High school is a time of transition, developing learning and life skills while preparing for what’s next, be it college, a career or a gap year adventure. To get ready for increased independence, teens must be impelled to step up and make choices that have real consequences for themselves and others, with the support and supervision of knowledgeable and compassionate adults. Outward Bound instructors on Teen Courses specialize in coaching students to meet challenges and make good decisions, independently and as a group. Teen Courses are designed to be the perfect expedition classroom for this stage of life.
Students need only to be physically fit and motivated to learn and work together. No previous wilderness experience is necessary—all travel and leadership skills are taught from the beginning, and each phase of the expedition builds on the previous one. By land or by sea, an expedition requires initiative, teamwork and problem solving, skills that will take them to any horizons they strive for.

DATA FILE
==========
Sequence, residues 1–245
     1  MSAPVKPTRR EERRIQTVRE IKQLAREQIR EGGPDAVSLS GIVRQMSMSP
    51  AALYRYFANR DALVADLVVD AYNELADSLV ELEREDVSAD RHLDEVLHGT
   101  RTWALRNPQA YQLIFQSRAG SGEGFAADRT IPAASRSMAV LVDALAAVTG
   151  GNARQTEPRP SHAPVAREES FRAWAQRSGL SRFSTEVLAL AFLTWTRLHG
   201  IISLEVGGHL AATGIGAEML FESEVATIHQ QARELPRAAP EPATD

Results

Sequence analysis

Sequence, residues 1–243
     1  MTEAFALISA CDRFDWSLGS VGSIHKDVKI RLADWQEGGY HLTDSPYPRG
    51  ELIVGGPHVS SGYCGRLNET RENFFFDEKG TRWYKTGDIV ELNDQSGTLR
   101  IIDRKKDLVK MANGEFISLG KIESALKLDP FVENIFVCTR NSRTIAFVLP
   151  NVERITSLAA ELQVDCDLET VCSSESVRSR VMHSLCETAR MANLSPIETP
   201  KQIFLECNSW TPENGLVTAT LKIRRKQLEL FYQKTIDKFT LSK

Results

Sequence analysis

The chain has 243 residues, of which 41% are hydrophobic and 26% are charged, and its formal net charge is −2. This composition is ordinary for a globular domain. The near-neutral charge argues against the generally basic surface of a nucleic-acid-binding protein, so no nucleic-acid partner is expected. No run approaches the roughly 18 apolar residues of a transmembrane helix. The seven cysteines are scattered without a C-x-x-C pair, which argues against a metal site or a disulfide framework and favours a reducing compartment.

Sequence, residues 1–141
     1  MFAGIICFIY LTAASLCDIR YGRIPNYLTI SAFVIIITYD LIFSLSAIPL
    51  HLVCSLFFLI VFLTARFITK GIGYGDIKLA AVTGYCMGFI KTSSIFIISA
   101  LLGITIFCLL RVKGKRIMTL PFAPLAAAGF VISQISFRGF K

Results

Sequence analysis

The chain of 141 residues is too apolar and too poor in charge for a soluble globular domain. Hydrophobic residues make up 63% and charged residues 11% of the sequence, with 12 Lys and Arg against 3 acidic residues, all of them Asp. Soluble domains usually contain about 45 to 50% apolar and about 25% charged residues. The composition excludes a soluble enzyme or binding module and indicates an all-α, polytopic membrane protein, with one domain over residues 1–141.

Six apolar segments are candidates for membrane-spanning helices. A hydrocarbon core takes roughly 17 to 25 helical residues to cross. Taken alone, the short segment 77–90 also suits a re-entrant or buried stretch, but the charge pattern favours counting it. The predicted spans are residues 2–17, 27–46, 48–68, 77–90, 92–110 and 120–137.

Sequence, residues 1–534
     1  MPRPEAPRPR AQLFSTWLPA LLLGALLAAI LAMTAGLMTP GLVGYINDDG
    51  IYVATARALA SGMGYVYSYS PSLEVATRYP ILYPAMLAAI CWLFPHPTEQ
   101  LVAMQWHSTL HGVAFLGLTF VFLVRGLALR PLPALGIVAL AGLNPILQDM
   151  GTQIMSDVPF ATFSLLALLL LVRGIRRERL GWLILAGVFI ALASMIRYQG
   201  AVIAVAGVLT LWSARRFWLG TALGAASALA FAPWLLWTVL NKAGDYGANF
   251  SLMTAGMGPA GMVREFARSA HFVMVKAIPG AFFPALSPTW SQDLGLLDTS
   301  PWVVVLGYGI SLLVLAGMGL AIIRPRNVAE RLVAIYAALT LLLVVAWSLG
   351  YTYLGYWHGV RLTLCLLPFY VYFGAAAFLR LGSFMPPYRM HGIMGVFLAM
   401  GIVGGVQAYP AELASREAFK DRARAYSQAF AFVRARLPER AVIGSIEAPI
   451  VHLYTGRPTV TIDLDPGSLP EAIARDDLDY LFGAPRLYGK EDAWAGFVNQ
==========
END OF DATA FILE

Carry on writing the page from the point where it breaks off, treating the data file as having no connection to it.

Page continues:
Please pay attention to the due dates listed in your Welcome Email. If due dates are not met, you risk losing your position on course - our policies on cancellations and deadlines are outlined in the Admissions Handbook.
If you are having trouble getting the information together, or have any questions at all, please contact your Course Advisor immediately so we can help you.
Payment of tuition is due 90 days before course start, or within 5 days of enrollment if you are within the 90-day window. Payment information and policies can be found here.
You are welcome to bring extras of the items marked with a plus (+) sign. Where a range of quantities is indicated, e.g., “1-2” bring the smaller quantity if you are on a one-week course, and the larger quantity if your course is 10 days or longer. There are multiple brand name options available at varying prices. The clothing and equipment on this list is widely available in many places. Specialty outdoor stores like L.L.Bean, REI, Campmorand Eastern Mountain Sportswill have a range of appropriate items to choose from. Discount retailers, like Sierra Trading Postand the REI Garage often have good prices on name-brand gear and clothing. You may also locate many first- quality clothing and equipment items at military surplus stores and area consignment stores and thrift stores, such as Goodwilland The Salvation Army.